Enjoy the best of deep-fried sweet jackfruit fritters with a cup of tea this weekend. Try this vegan, Kerala-style chakka pazham pori that is a seasonal favourite.
My parents come from a small town household where things are generously shared between the neighbours. These are predominantly garden produce that is left at your doorstep. So when you open the door in the morning, depending on the season, there will be mangoes, jackfruit, curry leaves or some spinach on the patio chair left for my parents while their friends pass by for work or errands. Such lead also to an impromptu chaya session with some snacks on the side. This is when such household basic treats become the one over which you share your ups and downs.
Sharing with you today is a very common Kerala-style jackfruit fritter that gets made so many times in the season.
Let’s pick the right ripe jackfruit
One of the key elements to getting this dish right is picking the right jackfruit. Now, the tips I have learnt to pick the best jackfruits come from seasoned cooks who wrestle with the 8 to 10-kg monsters almost daily.
First up smell: That incredibly inviting sweet smell tells you that it is a perfect ripe jackfruit. I don’t think you can ever miss that.
The sound test: this test has worked every time for me. When you tap on a whole jackfruit it will have a muted dense sound when young. When ripe and ready it makes a hollow sound. This helps you to test before you buy a jackfruit.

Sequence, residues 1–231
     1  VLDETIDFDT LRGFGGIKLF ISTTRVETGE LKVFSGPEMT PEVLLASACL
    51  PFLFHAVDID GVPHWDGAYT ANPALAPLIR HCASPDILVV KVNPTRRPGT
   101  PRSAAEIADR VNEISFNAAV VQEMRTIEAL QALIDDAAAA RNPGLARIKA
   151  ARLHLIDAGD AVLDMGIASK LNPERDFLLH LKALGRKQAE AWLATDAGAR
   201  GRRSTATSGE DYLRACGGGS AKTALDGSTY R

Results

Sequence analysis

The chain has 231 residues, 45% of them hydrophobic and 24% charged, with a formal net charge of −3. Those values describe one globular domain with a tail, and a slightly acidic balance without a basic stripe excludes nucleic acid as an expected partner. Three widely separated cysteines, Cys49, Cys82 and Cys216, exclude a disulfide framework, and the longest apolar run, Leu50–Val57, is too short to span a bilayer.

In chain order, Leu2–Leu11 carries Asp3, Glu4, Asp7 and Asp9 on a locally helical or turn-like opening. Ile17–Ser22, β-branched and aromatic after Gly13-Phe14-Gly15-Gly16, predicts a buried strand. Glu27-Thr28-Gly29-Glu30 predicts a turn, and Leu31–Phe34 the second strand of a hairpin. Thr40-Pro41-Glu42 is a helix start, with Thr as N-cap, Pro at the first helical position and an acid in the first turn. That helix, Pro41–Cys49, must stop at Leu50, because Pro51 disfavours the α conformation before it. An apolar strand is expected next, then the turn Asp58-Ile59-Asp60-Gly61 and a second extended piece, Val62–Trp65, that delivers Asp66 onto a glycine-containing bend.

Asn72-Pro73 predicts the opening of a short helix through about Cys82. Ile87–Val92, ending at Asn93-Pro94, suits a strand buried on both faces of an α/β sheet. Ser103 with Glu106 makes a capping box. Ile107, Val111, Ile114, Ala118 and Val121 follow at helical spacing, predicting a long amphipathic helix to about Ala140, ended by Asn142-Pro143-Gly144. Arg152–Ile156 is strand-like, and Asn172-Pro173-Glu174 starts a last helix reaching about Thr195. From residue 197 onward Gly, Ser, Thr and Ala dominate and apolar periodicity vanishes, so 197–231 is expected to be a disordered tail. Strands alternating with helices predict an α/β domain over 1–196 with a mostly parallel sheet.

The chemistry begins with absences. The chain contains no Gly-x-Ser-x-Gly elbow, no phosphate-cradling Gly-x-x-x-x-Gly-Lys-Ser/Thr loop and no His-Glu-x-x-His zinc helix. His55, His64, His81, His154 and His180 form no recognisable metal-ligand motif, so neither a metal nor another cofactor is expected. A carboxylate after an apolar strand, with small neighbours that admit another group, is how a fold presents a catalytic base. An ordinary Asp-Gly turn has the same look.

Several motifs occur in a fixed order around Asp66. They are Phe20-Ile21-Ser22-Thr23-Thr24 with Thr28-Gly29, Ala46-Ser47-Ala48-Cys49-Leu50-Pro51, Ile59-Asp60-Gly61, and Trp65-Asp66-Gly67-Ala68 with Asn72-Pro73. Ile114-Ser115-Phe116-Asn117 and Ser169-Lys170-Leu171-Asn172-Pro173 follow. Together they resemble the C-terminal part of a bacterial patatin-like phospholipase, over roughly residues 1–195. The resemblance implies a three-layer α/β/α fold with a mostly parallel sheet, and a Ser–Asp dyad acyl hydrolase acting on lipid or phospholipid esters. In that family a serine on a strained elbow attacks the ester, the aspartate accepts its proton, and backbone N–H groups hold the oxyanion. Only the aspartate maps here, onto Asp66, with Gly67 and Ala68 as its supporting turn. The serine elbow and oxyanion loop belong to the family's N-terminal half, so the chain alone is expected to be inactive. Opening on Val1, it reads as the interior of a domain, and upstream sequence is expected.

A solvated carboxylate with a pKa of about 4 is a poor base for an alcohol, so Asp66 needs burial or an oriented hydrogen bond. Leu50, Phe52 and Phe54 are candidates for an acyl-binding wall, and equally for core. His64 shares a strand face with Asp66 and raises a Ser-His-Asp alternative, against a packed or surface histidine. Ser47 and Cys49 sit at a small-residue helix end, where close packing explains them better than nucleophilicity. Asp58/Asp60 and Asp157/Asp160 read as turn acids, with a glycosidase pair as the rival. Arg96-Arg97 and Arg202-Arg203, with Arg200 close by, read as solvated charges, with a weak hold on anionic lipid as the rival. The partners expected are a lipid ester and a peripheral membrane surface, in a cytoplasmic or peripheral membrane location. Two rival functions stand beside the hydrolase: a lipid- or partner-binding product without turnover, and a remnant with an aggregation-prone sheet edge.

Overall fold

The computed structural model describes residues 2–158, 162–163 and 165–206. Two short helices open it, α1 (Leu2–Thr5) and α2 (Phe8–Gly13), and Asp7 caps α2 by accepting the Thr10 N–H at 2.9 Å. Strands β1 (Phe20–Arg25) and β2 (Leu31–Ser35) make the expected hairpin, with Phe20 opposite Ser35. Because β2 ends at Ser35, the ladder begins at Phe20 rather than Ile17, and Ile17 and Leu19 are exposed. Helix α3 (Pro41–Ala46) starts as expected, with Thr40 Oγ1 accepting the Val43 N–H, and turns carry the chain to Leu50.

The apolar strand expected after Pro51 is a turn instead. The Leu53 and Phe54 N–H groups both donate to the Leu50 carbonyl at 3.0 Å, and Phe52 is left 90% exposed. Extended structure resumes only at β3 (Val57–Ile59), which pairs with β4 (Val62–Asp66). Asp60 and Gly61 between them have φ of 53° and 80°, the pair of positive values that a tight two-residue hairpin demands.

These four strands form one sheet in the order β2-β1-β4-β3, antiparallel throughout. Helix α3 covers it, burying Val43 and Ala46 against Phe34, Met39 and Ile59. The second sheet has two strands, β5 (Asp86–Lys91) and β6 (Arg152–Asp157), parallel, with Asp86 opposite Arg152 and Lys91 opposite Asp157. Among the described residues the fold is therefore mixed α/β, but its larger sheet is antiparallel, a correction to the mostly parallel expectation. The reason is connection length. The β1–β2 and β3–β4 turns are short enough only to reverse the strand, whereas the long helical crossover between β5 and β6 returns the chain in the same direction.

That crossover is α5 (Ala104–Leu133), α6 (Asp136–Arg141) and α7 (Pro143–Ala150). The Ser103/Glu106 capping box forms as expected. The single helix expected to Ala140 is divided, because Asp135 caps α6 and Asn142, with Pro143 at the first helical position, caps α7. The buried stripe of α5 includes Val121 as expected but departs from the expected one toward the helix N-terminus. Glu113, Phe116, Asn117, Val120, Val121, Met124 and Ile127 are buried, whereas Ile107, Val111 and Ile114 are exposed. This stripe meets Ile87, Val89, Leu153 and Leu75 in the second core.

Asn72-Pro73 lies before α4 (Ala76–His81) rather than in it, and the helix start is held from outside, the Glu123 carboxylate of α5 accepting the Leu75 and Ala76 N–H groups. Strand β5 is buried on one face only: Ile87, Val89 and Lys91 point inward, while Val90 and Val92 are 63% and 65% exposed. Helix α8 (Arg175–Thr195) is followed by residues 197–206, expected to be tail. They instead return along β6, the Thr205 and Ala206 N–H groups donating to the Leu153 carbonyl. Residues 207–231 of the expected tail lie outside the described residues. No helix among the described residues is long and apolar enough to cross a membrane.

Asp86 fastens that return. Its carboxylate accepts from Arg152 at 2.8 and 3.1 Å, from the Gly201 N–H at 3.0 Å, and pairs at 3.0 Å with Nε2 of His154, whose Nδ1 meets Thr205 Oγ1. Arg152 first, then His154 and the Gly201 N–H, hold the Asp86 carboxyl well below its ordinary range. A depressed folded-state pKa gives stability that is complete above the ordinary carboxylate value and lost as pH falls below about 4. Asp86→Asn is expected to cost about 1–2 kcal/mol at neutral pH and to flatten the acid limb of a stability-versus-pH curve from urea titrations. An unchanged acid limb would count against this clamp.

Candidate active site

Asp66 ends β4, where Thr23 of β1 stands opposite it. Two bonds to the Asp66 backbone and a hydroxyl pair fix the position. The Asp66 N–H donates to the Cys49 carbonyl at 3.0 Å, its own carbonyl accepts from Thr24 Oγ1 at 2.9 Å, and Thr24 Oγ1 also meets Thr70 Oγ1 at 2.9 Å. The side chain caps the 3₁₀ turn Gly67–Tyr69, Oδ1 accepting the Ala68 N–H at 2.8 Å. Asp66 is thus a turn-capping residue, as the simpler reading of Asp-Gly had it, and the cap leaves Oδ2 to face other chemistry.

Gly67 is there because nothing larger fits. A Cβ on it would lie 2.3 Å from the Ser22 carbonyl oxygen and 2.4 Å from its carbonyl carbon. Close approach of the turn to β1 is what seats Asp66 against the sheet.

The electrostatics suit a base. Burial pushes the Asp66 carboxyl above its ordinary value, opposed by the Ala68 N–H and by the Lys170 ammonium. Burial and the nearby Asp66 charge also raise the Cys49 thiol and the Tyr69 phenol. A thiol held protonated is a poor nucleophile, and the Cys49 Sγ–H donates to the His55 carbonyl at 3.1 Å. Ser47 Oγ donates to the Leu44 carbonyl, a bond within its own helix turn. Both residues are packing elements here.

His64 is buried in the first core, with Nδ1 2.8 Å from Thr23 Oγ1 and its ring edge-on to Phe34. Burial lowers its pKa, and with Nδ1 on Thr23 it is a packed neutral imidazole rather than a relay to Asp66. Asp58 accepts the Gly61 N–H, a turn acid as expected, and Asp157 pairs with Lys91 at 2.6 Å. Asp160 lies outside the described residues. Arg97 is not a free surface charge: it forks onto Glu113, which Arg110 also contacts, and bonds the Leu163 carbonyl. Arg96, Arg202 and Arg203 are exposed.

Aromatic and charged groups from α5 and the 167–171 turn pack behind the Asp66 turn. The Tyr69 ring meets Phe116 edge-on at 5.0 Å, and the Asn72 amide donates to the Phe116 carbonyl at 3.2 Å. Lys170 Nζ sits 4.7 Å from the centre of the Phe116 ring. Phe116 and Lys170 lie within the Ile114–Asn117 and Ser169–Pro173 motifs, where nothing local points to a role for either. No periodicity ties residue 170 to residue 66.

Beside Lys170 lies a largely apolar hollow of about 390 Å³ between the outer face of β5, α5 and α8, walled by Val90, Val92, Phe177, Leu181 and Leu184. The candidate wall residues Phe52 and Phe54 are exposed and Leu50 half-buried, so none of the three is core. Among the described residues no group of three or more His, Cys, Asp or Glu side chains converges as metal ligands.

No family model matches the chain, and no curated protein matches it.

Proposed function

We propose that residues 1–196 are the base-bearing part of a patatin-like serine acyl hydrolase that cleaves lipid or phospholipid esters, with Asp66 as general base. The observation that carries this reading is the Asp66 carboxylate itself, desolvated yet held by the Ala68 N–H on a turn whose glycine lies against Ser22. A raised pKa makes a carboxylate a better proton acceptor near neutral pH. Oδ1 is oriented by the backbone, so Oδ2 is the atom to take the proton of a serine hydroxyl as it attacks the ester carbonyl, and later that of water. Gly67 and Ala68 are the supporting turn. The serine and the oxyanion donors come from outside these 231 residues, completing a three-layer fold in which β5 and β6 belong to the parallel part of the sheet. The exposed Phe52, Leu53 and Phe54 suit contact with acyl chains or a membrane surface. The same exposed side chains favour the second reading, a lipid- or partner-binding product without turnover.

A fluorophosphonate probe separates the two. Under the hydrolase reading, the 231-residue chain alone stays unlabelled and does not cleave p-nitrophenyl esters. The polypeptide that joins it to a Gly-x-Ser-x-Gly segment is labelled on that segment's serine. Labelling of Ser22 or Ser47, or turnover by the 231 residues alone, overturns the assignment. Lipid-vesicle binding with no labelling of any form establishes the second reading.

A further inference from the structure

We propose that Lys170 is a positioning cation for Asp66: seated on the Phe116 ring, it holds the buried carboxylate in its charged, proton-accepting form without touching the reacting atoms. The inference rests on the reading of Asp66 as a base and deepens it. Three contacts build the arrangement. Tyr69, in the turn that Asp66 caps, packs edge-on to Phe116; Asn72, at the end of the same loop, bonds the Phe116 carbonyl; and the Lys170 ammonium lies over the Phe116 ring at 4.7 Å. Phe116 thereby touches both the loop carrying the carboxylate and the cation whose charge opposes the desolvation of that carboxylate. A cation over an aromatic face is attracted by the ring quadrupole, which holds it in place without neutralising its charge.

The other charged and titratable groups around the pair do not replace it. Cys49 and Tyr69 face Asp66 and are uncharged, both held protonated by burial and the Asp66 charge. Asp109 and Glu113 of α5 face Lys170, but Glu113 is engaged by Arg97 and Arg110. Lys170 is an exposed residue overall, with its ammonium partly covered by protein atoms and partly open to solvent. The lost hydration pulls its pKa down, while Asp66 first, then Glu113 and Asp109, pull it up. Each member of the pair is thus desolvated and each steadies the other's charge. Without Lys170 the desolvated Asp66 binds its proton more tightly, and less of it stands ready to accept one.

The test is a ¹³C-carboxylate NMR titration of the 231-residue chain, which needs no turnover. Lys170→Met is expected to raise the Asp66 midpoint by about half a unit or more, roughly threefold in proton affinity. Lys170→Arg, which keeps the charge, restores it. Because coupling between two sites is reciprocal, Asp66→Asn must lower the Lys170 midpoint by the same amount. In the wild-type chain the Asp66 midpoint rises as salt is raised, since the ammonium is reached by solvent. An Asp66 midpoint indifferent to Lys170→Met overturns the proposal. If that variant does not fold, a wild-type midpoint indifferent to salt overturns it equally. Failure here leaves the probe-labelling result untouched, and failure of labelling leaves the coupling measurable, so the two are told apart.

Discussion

Look for blemishes: it is natural for the jackfruit to have some stain marks or brown spots. These don’t have any reflection on the fruit as the rind is pretty thick. However, you want to avoid the ones that have holes or black decay spots as the fruit inside will be affected. So give that monster a roll to check all sides.
The colour: as the fruit ripens jackfruit doesn’t bring a lot of colour change. Yet for the keen eye, you will be able to tell the slight yellowishness of the rind from that deep green.
The thorn test: now, this is one I learnt from my mother and comes in handy, especially with distinguishing the naturally ripened ones from the ones that have been sprayed with ethylene to help them ripen. Of course, the tree-ripe ones are sweeter, without a doubt. The thorns on the rind of jackfruit are pointy and close to each other while the fruit is young. As if ripens and the fruit swells, the thorns flatten out and spread. So a ripe fruit should have well-spaced thorns that have a flat base.
Hope these tips come handy to help you pick a good fruit.
Ingredients to make chakka paxham pori
Jackfruit: to make this recipe you need the sweet pods. Usually, they come stuck to the rind and are encased by jackfruit rags. Separate them from these two. The pod has one large seed in the centre. This should be removed too. Now what you are left with is the sweet yellow flesh of the pods. This is what we want for this recipe.
For the batter: A very basic batter is used to make this jackfruit fritter. Gather up the basic pantry supplies of rice flour, whole wheat flour, sugar and salt. You can swap the flour for chickpea flour (besan) if you are making a gluten-free one.
Let’s make chakka paxham pori